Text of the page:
In March 1886, Geronimo and what remained of his followers, agreed to meet General Crook at Canyon De Los Embudos in Northeastern Sonora, to discuss terms of surrender. Fearing more American treachery, he would only meet on the Mexican side of the border. He agreed to the surrender, but after Crook went back to Fort Bowie in the Arizona Territory, Geronimo changed his mind and disappeared into the Sierra Madre Mountains.
He continued hit-and-run raids in Mexico, Arizona and New Mexico for several months, killing unknown numbers of settlers and soldiers from both sides of the border. Soon several thousand-armed men joined together in pursuit with no results. Lieutenant Charles Gatewood, who knew Geronimo better than other officers, and was trusted by him, was dispatched to find the Apache. When the Lieutenant and two scouts found the band of warriors, peace talks began. By morning Geronimo had agreed to meet with General Nelson Miles in Skeleton Canyon. On September 4, 1886 the Apache Wars ended as Geronimo surrendered.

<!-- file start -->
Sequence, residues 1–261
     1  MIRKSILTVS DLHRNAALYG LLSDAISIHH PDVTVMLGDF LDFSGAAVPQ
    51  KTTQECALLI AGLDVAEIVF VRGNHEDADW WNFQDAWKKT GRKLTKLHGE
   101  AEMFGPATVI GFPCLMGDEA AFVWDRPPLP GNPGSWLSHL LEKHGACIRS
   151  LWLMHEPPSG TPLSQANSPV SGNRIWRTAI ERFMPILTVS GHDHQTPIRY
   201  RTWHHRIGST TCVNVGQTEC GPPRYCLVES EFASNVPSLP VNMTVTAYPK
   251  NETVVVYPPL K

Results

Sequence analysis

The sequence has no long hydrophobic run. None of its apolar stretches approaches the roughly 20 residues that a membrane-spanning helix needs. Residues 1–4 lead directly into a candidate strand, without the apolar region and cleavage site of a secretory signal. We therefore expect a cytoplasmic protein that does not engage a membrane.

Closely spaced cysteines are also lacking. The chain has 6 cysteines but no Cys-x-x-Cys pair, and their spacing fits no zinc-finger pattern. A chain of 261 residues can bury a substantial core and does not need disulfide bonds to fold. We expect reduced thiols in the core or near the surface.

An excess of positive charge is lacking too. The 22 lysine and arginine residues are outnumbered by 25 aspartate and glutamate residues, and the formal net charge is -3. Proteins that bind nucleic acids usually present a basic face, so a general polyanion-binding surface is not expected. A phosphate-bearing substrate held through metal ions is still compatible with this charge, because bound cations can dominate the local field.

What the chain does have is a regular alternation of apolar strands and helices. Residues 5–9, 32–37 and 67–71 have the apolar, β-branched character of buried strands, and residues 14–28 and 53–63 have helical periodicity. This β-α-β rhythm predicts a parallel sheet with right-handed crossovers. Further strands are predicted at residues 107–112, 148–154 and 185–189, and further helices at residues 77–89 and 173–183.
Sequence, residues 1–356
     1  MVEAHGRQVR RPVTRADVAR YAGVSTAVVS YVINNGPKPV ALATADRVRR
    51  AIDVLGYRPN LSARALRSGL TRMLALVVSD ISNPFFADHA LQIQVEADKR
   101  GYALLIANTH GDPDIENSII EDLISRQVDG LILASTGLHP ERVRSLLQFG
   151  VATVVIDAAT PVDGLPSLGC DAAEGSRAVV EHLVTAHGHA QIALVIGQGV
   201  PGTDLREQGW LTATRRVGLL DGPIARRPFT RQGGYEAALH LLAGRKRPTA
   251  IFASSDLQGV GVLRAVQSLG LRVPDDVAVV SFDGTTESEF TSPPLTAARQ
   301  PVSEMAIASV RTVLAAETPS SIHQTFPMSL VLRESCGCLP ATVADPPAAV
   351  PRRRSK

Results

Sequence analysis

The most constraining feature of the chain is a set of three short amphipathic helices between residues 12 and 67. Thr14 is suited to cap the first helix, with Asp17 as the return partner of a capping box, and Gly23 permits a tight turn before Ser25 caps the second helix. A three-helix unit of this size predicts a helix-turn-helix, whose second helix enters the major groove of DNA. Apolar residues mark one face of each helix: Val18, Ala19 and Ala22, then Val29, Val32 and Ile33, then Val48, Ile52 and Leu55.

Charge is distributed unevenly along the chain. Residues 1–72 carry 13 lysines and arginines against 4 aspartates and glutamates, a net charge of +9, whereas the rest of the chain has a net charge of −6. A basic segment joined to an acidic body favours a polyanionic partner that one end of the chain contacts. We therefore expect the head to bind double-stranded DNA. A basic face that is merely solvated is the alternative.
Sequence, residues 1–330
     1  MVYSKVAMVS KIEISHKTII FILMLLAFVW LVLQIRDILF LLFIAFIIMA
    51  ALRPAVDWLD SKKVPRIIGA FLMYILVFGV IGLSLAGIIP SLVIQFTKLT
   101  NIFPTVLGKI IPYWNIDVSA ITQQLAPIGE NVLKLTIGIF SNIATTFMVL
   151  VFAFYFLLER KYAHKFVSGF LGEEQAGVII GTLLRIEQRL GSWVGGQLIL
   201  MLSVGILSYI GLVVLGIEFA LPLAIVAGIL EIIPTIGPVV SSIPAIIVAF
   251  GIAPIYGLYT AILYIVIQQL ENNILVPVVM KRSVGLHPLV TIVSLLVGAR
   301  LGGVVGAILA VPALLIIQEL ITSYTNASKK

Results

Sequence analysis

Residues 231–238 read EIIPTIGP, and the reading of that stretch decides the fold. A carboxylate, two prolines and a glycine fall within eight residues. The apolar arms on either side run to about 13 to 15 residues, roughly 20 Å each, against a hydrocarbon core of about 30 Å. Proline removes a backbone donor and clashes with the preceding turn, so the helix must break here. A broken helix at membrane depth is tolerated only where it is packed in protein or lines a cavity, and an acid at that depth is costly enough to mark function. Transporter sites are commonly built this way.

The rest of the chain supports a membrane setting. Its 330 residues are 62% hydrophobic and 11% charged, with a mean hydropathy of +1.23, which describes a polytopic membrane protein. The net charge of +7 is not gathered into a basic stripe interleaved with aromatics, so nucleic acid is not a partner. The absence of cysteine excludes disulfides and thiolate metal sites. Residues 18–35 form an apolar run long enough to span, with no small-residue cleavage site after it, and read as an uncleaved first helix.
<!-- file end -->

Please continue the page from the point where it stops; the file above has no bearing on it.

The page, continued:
Being raised in Arizona I had a fascination for Geronimo and the Apache Wars. This sculpture portrays one of Geronimo’s warriors as an ever-vigilant sentinel; always watching from a high lookout point, aware of enemies or friends who might be wanting to find his encampment.